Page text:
By Peter Baker
Washington Post Staff Writer
Friday, July 20, 2007
NASHVILLE, July 19 -- President Bush said Thursday that he had considered unilaterally sending U.S. troops to Darfur to stop the mass slaughter in that Sudanese region but decided against it in favor of a multinational response that he conceded has been "slow" and "tedious."
Bush did not explain why he rejected U.S. military action and pointed instead to economic sanctions that he has imposed against Sudanese leaders and companies, saying he is "trying to be consequential." Aides said they believe it was the first time the president had so explicitly disclosed that he contemplated U.S. military action in the region.
"I made the decision not to send U.S. troops unilaterally into Darfur," Bush said, responding to an audience question after a speech here. "The threshold question was, 'If there is a problem, why don't you just go take care of it?' And I made the decision, in consultation with allies as well as consultation with members of Congress and activists, that . . . it just wasn't the right decision."
The president acknowledged frustration with the U.N. effort to press the Sudanese to halt what the United States has called genocide. "This is a slow, tedious process to hold a regime accountable," Bush said. "We're trying to say that, you know, 'Change, or there's consequences.' " He added that he was encouraged by the latest report from U.N. Secretary General Ban Ki Moon about progress toward bolstering an African Union force of 7,000 soldiers with three times that many international peacekeepers.
Critics have long accused Bush of not doing enough to halt the violence in Darfur, where as many as 450,000 people have died from disease and violence and 2.5 million have been displaced since 2003 at the hands of Arab militias backed by the Sudanese government of President Omar Hassan al-Bashir. But many inside and outside the government believe that a U.S. military intervention would have provoked a furor in the Muslim world and that American troops could not by themselves establish control.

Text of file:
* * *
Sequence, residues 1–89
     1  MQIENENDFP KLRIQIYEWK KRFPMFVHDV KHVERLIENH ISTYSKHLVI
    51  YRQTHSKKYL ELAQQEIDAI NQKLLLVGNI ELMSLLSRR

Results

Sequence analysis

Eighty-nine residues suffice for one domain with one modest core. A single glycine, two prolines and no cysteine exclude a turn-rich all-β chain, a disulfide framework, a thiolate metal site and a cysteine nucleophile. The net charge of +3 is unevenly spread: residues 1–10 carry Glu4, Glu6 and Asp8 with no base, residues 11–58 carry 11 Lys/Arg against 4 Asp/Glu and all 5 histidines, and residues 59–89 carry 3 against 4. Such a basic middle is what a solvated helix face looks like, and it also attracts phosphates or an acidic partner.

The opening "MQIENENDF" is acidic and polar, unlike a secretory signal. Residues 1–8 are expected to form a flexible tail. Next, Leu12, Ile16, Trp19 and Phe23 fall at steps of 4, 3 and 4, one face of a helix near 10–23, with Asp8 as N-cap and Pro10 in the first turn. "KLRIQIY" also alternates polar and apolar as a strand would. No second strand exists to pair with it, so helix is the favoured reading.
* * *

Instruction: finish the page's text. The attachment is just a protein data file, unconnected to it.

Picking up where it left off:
"There is only one head of state who had the resources and unilateral ability to end the crisis in Darfur -- and that was Omar al-Bashir," said Allyn Brooks-LaSure, spokesman for the Save Darfur Coalition. "He clearly failed to act. Because of his failure to end this situation, it is now the role of the international community to act -- a responsibility that does not rest with any one nation."
Bush's comments came during a trip here to discuss budget and tax issues. He toured the Nashville Bun Company and later told an invited audience at the Gaylord Opryland Resort and Convention Center that congressional Democrats would strangle the economy with excessive spending and tax increases. "You can't keep making buns if the Democrats take all your dough," Bush joked, threatening to veto spending bills.
Democrats returned fire, noting that federal spending has risen 50 percent under Bush and that he never vetoed a spending bill when Republicans controlled Congress. "He has borrowed more money from foreign nations than every president in American history combined," said Rep. Jim Cooper (D-Tenn.), who represents Nashville.
The questions after the speech ranged widely, and Bush appeared relaxed as he took on issues including Iraq and his legacy. At one point, after an extended monologue, he agreed he was being "a little long-winded." At another point, when asked about music industry royalties, he responded bluntly, "I have, like, no earthly idea what you're talking about." Afterward, he lingered an unusually long time to shake hands.
The audience was friendly and gave Bush a standing ovation for his position on the Iraq war. But several questioners, unhappy that more has not been done to tighten the borders, pressed him on immigration. Bush defended his plan, which died in the Senate, to grant legal status to illegal immigrants already in the United States and predicted employers could soon face a labor shortage.
Bush rejected a plea to pardon two Border Patrol officers imprisoned after shooting a drug smuggler, a cause celebre among many angry about illegal immigration. "No, I won't make you that promise," Bush told a woman who raised the case. He called the prosecutor "a dear friend of mine from Texas" and defended the verdict. "I know this is an emotional issue. But people need to look at the facts."
Staff writer Michael Abramowitz in Washington contributed to this report.